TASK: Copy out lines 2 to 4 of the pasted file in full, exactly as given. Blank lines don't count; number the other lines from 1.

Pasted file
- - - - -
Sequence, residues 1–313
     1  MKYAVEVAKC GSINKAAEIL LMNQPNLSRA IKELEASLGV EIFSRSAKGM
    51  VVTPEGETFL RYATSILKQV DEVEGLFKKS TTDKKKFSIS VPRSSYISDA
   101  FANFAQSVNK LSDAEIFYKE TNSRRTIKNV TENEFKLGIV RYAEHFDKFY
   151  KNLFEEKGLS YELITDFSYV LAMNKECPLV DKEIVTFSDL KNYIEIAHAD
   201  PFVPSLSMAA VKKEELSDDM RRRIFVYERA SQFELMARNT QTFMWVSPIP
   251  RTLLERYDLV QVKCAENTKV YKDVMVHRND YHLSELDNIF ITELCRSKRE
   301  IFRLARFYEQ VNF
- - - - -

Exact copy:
     1  MKYAVEVAKC GSINKAAEIL LMNQPNLSRA IKELEASLGV EIFSRSAKGM
    51  VVTPEGETFL RYATSILKQV DEVEGLFKKS TTDKKKFSIS VPRSSYISDA
   101  FANFAQSVNK LSDAEIFYKE TNSRRTIKNV TENEFKLGIV RYAEHFDKFY